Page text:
At the time of writing, a Brexit solution that will satisfy the majority, if not all, of stakeholders seems as far away as ever. Both in the recent Budget and the November Bank of England inflation report, conclusions are heavily edged with caveats about Brexit, with both assuming a smooth exit from the EU. We were warned that, if necessary, a new Budget may have to be announced if this assumption proves incorrect.

No doubt both HM Treasury and the Bank of England, whilst presenting a positive and benign economic outlook are like ducks sailing on calmly whilst at the same time paddling furiously under the water. One certainly hopes that this is the case. Now, more than ever in recent times, data may reinterpret the past, but the past does not necessarily give an indication of what the future holds.

What I find worrying is that past promises of balanced budgets have gone by the by, and both national and consumer debt continues to grow. Consumption growth has slowed to a lesser degree than that of incomes, with a corresponding decline in household’s rate of saving. Interest rates on deposits have not kept pace with increases in rates on debt, which is also a disincentive to save, as is rumours of changes to pension rules. Despite a moderate increase in the bank rate to 0.75%, it is expected to remain below 1.5% for the next three years. This does not give much scope for relaxation should that be necessary to stimulate the economy.

The country’s total debt is projected to reach £6.7 trillion by 2023, with households accounting for £2.6 trillion of that, a larger share than both the government and non-financial companies, according to recent analysis by PWC 1. It compares with £5.1 trillion of total debt last year, when household debt stood at £1.9 trillion. The country needs to be aware of the risks and plan to reduce these costs. Debt is the elephant in the room and it needs to be managed, to minimise the risk of yet another crash. Indiscriminate debt increases are unhelpful, to say the least, but responsible lending can facilitate long-term growth.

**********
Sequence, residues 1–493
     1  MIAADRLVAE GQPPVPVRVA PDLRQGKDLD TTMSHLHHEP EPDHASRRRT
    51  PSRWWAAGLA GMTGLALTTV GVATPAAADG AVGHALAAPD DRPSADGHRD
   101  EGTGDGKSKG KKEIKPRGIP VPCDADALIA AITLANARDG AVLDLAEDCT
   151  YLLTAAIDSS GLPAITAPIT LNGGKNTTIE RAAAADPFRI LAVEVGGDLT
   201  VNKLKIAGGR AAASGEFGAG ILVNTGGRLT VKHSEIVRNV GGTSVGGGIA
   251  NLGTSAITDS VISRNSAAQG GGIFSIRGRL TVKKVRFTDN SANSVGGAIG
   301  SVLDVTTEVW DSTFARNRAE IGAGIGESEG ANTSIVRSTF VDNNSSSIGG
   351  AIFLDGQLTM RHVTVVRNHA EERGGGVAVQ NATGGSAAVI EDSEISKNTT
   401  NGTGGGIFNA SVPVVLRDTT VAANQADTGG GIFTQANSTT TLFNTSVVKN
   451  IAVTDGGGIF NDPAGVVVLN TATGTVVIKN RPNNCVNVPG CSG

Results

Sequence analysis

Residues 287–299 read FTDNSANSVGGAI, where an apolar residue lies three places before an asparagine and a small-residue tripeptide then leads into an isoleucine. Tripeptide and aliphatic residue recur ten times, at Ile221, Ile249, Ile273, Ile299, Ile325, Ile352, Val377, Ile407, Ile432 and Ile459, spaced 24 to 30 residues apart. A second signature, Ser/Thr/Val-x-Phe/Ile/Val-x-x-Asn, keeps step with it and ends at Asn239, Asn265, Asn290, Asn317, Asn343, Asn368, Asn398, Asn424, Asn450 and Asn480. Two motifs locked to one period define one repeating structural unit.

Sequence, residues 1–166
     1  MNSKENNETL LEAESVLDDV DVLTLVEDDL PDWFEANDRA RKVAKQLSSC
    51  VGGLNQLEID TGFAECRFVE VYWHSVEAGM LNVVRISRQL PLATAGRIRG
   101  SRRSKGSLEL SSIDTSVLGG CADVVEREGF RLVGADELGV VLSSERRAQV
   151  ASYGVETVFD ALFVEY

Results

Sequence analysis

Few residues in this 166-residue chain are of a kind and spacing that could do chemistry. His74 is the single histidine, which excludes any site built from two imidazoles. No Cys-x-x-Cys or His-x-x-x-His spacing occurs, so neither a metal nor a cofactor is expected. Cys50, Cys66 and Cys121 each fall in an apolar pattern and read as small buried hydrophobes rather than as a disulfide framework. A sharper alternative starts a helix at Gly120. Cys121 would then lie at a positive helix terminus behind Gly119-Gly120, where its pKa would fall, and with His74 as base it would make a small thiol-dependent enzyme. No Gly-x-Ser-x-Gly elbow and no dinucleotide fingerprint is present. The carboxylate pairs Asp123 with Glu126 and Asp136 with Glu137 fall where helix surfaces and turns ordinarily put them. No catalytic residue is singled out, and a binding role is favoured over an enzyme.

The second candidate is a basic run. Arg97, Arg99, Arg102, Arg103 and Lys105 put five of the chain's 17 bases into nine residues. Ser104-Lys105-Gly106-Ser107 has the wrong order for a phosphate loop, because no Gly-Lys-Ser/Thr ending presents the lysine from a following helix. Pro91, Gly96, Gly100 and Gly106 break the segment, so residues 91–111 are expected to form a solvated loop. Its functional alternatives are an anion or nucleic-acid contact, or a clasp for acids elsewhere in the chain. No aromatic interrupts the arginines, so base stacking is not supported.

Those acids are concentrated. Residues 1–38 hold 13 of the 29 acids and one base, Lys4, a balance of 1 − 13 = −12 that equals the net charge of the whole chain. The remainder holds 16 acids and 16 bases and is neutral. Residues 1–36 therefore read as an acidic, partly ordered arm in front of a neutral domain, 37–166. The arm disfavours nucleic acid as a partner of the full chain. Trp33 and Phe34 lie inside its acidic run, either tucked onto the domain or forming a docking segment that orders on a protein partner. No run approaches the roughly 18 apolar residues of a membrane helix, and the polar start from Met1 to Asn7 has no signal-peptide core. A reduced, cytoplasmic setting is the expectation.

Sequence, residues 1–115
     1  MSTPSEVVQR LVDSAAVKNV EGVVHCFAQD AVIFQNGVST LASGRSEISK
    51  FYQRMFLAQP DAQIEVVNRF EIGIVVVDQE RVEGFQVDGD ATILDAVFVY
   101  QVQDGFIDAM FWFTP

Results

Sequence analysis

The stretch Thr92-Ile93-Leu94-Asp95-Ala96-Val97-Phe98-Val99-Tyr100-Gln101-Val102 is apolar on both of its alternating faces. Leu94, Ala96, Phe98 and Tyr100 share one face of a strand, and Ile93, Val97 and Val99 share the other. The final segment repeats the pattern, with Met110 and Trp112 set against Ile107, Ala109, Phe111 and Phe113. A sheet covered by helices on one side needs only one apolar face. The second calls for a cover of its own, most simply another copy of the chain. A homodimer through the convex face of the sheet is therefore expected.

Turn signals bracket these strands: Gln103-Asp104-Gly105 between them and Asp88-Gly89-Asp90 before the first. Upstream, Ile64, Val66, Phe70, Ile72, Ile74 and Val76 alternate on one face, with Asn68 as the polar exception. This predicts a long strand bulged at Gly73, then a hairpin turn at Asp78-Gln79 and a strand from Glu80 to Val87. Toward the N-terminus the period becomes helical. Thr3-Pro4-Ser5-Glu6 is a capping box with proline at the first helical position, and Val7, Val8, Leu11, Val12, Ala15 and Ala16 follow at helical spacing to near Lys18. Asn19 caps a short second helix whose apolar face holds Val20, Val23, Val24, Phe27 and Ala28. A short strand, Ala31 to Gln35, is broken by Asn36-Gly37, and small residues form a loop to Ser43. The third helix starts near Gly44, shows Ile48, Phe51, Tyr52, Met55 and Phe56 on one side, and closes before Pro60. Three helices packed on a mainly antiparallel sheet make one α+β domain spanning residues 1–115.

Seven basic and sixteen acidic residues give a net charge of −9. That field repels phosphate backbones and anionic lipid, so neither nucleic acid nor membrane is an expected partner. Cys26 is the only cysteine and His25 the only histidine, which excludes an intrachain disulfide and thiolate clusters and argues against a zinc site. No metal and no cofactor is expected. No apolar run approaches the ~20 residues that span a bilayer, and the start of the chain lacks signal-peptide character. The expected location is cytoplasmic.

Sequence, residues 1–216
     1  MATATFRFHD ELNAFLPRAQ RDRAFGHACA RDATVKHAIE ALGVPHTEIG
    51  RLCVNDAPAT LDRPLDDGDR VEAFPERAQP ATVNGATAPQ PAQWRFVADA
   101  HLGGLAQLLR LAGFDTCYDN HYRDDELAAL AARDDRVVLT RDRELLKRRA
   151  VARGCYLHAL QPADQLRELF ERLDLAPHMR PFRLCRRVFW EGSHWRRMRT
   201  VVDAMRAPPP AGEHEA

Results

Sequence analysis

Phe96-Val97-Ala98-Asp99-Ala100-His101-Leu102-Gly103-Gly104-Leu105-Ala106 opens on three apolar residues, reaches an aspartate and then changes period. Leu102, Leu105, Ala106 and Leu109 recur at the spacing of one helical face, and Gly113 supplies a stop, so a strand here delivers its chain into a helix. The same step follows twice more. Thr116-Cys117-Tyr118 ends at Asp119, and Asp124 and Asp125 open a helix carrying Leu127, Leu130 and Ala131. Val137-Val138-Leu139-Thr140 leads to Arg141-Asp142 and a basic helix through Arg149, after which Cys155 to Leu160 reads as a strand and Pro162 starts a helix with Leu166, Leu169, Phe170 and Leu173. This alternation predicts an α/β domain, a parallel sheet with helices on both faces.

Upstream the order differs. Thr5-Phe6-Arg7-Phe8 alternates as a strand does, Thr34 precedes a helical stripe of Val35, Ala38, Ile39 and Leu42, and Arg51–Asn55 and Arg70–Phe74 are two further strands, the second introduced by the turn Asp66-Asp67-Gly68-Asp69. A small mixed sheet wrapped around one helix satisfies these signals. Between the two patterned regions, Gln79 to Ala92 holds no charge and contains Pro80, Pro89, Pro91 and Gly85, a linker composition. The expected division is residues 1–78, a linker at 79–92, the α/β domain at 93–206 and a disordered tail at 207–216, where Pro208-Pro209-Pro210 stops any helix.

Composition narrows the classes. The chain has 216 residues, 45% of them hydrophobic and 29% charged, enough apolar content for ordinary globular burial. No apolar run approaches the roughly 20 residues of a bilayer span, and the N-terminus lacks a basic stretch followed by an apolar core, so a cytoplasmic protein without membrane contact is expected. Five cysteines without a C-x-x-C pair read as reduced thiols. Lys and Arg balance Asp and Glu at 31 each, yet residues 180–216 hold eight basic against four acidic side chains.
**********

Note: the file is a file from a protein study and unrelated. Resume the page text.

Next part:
UK consumers are confident, but this confidence has an element of nationalist bravado in it. Unless our institutions plan for a difficult future, this confidence will evaporate.

Firms need to invest in people, to ensure that the skills shortage is reduced and productivity increases. They also need to invest in technology, so that skilled people have reliable data to work with and also that information-gathering needs to be improved. This applies as much in the mortgage industry as elsewhere. Skilled people, both at lenders and intermediaries, can assess data better and apply conclusions both to the benefit of their firms and to the consumer, to ensure that better outcomes are available for all.

Benson Hersch, CEO of the ASTL

A version of this article appeared in the November edition of Mortgage Solutions (web)